Read all about the bases for the Court’s fractured decision, the potential implications of the decision on the 20+ State OSH Plans, OSHA’s reaction to the decision, and what COVID-19 enforcement may look like going forward here.

[BREAKING] Supreme Court Reinstitutes a Stay of OSHA’s Vaccinate-or-Test ETS

7 thoughts on “The Supreme Court Heard Oral Argument in the Legal Challenges to OSHA’s Vaccinate-or-Test Emergency Rule

  1. OSHA’s mandate is to regulate risks that come from the workplace. This risk comes from outside the workplace. Should OSHA also be regulating alcholism and pollen allergies.

    • That actually is not OSHA’s mandate. OSHA’s mandate is “to ensure safe and healthful working conditions for workers.” There is nothing in the OSH Act that limits the working conditions that OSHA may regulate to those that “come from the workplace.” It’s any hazard employees may encounter while the employee is present in the workplace. Just like the bloodborne pathogens standard protects employees at work from bloodborne viruses that employees encounter in the workplace, but which were brought into the workplace from the outside. And just like enforcement of heat illness hazards, and exposure to wildfire smoke, and managing traffic control in construction.

    • The employer is responsible for providing a safe workplace. OSHA’s mandate is to regulate risks in the workplace that exposure workers to harm and assist employers in understanding their responsibilities. That includes alcoholism that creates an impairment that poses a danger to the alcoholic or other workers, such as being run over by a forklift. If the pollen in a workplace caused a worker (handling hazardous chemicals or hypodermic needles) to suffer violent sneezing fits that presented a danger to the worker or the other workers, OSHA would expect the employer to take appropriate action — the worker might not be able to work in a nursery and flowers might be banned from that area of the workplace. So the answer is yes, OSHA does regulate the hazardous workplace consequences –hopefully in a thought, balanced and cost-efficient manner. OSHA regulates exposure to Bloodborne Pathogens to prevent workplace exposures that often come from bloodborne pathogens HIV and hepatitis brought into the workplace by the worker. FDA also has a huge concern about workers with hepatitis brough into a restaurant from outside. As Justice Sotomayer so succinctly put it, there is no significant difference between, on the one hand, an employer knowingly exposing a worker to an improperly guarded machine ejecting projectiles that could kill or maim, and an employer taking the risk of allowing an unvaccinated worker from an area of high transmission, which is almost the entire US, of potentially spewing a virus with every breath that could cause death or permanent disability. At least, you can turn the machine on and off and duck. An average worker inhales and exhales at least 10 cubic meters of invisible air a day that disperses throughout the workplace. The cost of vaccinations is far less than the horrendous toll taken on our society by those who refuse to do so.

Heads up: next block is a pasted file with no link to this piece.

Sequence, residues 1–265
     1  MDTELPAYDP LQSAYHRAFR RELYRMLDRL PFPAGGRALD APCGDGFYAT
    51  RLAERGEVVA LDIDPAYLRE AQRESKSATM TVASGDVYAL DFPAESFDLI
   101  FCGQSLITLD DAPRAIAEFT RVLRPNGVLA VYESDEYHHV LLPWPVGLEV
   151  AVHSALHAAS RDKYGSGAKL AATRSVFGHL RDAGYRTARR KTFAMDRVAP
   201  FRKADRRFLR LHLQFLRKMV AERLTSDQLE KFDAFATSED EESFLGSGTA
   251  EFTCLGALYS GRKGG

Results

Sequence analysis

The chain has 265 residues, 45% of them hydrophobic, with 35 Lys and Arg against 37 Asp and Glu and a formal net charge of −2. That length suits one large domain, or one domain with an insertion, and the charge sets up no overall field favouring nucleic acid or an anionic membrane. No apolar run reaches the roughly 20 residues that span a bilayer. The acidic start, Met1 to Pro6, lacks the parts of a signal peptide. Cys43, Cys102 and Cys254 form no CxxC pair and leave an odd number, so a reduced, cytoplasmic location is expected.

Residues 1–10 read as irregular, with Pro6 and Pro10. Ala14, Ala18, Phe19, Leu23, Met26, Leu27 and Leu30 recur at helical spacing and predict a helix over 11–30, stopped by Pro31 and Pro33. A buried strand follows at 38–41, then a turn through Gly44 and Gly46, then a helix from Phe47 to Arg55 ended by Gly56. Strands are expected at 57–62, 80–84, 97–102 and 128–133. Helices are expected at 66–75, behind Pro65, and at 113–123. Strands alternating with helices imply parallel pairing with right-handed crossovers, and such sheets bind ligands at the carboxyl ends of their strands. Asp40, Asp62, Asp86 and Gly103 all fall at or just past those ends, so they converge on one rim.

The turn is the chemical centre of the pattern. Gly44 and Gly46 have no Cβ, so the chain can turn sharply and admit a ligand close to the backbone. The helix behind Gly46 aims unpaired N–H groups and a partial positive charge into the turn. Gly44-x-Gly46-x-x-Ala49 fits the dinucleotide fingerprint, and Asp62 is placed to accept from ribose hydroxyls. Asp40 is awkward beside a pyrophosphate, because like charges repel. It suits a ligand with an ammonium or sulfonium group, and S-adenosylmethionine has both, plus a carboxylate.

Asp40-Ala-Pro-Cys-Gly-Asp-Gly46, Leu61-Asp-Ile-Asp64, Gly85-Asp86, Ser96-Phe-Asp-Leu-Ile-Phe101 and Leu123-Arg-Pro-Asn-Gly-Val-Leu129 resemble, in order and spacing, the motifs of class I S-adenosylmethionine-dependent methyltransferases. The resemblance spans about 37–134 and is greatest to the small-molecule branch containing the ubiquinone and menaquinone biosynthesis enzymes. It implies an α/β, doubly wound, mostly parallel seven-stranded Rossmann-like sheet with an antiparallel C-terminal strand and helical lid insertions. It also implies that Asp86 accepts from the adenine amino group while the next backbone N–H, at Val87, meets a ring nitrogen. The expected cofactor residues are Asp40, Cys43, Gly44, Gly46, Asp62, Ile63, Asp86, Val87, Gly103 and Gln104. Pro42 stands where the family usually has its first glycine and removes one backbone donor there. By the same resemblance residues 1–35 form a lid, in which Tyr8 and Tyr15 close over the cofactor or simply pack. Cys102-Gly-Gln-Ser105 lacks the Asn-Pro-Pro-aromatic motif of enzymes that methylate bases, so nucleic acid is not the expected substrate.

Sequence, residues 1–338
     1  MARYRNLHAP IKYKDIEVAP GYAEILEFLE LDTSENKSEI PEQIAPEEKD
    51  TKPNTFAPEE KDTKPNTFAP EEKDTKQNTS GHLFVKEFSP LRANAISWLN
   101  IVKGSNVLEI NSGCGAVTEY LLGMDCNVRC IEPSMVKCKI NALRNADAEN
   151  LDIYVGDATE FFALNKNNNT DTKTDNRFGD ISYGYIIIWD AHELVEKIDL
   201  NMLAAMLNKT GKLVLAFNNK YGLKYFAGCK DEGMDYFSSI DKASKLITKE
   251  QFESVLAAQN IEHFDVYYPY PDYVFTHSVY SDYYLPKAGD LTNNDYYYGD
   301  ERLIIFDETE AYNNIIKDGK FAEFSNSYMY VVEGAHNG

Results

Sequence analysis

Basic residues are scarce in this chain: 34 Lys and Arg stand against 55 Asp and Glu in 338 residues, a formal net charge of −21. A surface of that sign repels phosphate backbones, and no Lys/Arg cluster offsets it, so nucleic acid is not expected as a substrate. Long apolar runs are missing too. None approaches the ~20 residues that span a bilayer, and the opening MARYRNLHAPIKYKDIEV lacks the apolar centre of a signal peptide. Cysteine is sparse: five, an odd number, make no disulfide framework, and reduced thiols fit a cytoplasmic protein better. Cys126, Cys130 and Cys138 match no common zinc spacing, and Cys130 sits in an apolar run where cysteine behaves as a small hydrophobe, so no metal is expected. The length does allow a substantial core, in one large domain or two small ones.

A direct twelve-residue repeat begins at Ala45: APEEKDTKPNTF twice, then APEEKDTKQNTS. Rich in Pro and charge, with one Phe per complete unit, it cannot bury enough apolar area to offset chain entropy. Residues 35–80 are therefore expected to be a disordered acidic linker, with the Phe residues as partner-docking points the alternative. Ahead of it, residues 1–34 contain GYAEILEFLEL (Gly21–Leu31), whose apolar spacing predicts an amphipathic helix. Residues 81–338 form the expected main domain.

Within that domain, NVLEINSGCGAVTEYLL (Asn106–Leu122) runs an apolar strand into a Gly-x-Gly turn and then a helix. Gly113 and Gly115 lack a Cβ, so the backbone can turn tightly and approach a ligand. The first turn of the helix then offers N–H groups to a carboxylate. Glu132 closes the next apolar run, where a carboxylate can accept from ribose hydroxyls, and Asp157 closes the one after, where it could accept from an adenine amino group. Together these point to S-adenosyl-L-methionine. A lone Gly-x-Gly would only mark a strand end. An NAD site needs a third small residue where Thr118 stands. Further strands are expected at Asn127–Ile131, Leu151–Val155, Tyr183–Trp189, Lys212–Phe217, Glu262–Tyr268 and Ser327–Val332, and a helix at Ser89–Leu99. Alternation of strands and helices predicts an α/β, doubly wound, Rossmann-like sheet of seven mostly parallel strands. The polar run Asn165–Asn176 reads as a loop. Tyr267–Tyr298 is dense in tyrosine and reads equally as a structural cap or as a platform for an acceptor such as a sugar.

2. With each passing day, the toll of death and disease and loss of the ability to work or get medical treatment is mounting. Unlike almost any other proceeding before the Court, the Justices can take judicial notice of the CDC statistics in real time. And with each passing day, it seems more difficult to say the resolution of the issue should be taken away from the experts operating under a statute that provides the authority they have exercised and left to the devices of politicians suffering from the rapidly transmitted and potentially fatal disease of partisanship that makes them look like fools when they should be focused on Russia and other threats for which we can only hope they may have some bipartisan competence.